In a landmark decision, the 2nd Circuit Court of Appeals in Zarda v. Altitude Express, Inc., en banc, became the second federal appellate court to hold that Title VII of the Civil Rights Act of 1964 (42 U.S.C. § 2000e-2(a)), which makes it unlawful for employers to discriminate on the basis of sex, also prohibits discrimination on the basis of a person’s sexual orientation. It appears that the defendant does not intend to seek Supreme Court review. Therefore, employers subject to Title VII, particularly those in the Second Circuit (i.e., Connecticut, New York and Vermont), should know about this opinion and consider how and whether it may apply to them.
Last week’s decision came too late for plaintiff Donald Zarda, who died in a sky-diving accident in 2014. Mr. Zarda had filed suit in 2010 against his employer, Altitude Express, alleging that he was fired from his job as a sky-diving instructor because of his sexual orientation. The lower court dismissed Mr. Zarda’s Title VII claim but allowed him to try a state-law claim for sexual orientation discrimination that required a higher burden of proof. After losing on that claim at trial, Mr. Zarda (and subsequently his estate) appealed the dismissal of his Title VII claim. A three-member panel of the 2nd Circuit applied existing law and affirmed dismissal of the claim. But the Second Circuit took the rare step of agreeing to hear the case en banc, and all 13 judges heard oral argument last fall. On Feb. 26, 2018, ten of those judges held that Title VII prohibits employers from discriminating on the basis of sexual orientation, and voted to overturn their prior cases to the contrary. Eight judges wrote separate opinions.
Writing for the plurality, Chief Judge Katzmann observed that for many years, the U.S. Equal Employment Opportunity Commission (EEOC) and federal appellate courts had agreed that Title VII’s prohibition of discrimination “because of … sex” did not protect employees from discrimination based on their sexual orientation. But, he noted, the EEOC reversed its position in 2015 in its Baldwin v. Foxx decision and the 7th Circuit reversed its position in 2017 in its en banc decision in Hively v. Ivy Tech Cmty. College of Ind. (holding that Title VII bars sexual orientation discrimination). Because these new decisions raised arguments not previously considered by the Second Circuit, the judges agreed to revisit the issue of whether Title VII bars sexual orientation discrimination.
Chief Judge Katzman described three reasons for concluding that Title VII supports claims for sexual orientation discrimination despite longstanding precedent to the contrary. First, Title VII is violated whenever sex is a motivating factor for an employment practice (42 U.S.C. § 2000e-2(m)) – sex need not be the only motivating factor – and “sexual orientation discrimination is motivated, at least in part, by [the employee’s] sex.” Second, the U.S. Supreme Court in Price Waterhouse v. Hopkins held that Title VII bars gender stereotyping, and discrimination based on sexual orientation violates the gender stereotype that men and women should be heterosexual. Third, Title VII bars discrimination based upon an employee’s decision to associate with someone of a particular race and the same rationale applies when an employer discriminates based on an employee’s decision to associate with someone of a particular sex.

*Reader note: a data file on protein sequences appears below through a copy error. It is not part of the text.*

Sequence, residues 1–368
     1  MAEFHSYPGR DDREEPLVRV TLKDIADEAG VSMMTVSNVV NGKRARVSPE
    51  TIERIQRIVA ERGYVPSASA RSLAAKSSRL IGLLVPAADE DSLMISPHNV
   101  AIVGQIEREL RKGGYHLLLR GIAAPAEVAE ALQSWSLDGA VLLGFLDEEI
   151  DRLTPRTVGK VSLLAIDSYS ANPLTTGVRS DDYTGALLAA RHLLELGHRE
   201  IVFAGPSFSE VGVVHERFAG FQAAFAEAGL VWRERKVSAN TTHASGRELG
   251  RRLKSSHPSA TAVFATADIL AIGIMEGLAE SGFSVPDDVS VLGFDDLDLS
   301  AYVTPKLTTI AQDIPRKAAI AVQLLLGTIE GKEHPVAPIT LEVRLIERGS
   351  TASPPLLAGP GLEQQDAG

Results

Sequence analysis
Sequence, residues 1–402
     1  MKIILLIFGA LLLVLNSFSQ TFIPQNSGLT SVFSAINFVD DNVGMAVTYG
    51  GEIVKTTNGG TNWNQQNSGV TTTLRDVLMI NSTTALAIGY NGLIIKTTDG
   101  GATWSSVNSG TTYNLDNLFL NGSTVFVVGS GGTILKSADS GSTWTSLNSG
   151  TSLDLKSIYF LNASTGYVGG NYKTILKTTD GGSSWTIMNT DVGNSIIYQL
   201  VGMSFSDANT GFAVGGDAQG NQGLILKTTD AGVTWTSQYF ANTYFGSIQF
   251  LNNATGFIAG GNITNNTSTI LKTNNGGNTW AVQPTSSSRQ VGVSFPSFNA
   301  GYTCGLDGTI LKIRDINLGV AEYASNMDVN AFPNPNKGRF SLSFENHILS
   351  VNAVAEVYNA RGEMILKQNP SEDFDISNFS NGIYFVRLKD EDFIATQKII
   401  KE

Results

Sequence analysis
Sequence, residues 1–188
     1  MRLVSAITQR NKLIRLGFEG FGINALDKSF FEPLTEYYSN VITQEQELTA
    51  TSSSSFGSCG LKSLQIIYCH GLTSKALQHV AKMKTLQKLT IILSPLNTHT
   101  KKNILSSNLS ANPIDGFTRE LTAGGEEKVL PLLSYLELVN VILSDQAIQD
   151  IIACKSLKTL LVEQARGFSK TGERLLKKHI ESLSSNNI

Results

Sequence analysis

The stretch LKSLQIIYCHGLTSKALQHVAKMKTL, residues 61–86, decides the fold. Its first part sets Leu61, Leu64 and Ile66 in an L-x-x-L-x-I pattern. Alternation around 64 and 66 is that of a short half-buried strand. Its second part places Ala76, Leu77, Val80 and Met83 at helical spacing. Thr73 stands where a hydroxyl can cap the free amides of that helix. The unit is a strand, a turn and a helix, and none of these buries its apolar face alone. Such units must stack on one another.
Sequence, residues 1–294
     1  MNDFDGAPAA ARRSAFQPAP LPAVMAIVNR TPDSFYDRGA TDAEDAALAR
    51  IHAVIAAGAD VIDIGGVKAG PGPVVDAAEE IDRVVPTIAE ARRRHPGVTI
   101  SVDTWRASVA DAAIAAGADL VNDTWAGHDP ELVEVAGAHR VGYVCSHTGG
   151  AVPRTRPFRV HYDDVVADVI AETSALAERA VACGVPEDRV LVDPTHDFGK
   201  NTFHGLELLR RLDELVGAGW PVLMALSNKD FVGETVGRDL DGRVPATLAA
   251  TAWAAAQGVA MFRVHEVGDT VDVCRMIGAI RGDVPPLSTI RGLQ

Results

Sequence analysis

Following the Hively and Zarda decisions, more employees in the LGBT community are likely to pursue claims seeking protection under Title VII – not only in the 2nd and 7th Circuits, but elsewhere in an effort to expand this federal trend. Courts across the country may reach different conclusions about the viability of these claims until (and if) the issue reaches the Supreme Court, but many states and municipalities already include sexual orientation as a protected class in their discrimination laws. For now, therefore, employers should be aware of these decisions and, at least in the 2nd and 7th Circuits, should modify their workforce training initiatives to include a focus on sexual orientation and related issues. Those employers will also want to instruct their HR staff and operations supervisors and managers regarding the potential legal implications of treating employees differently based on their sexual orientation.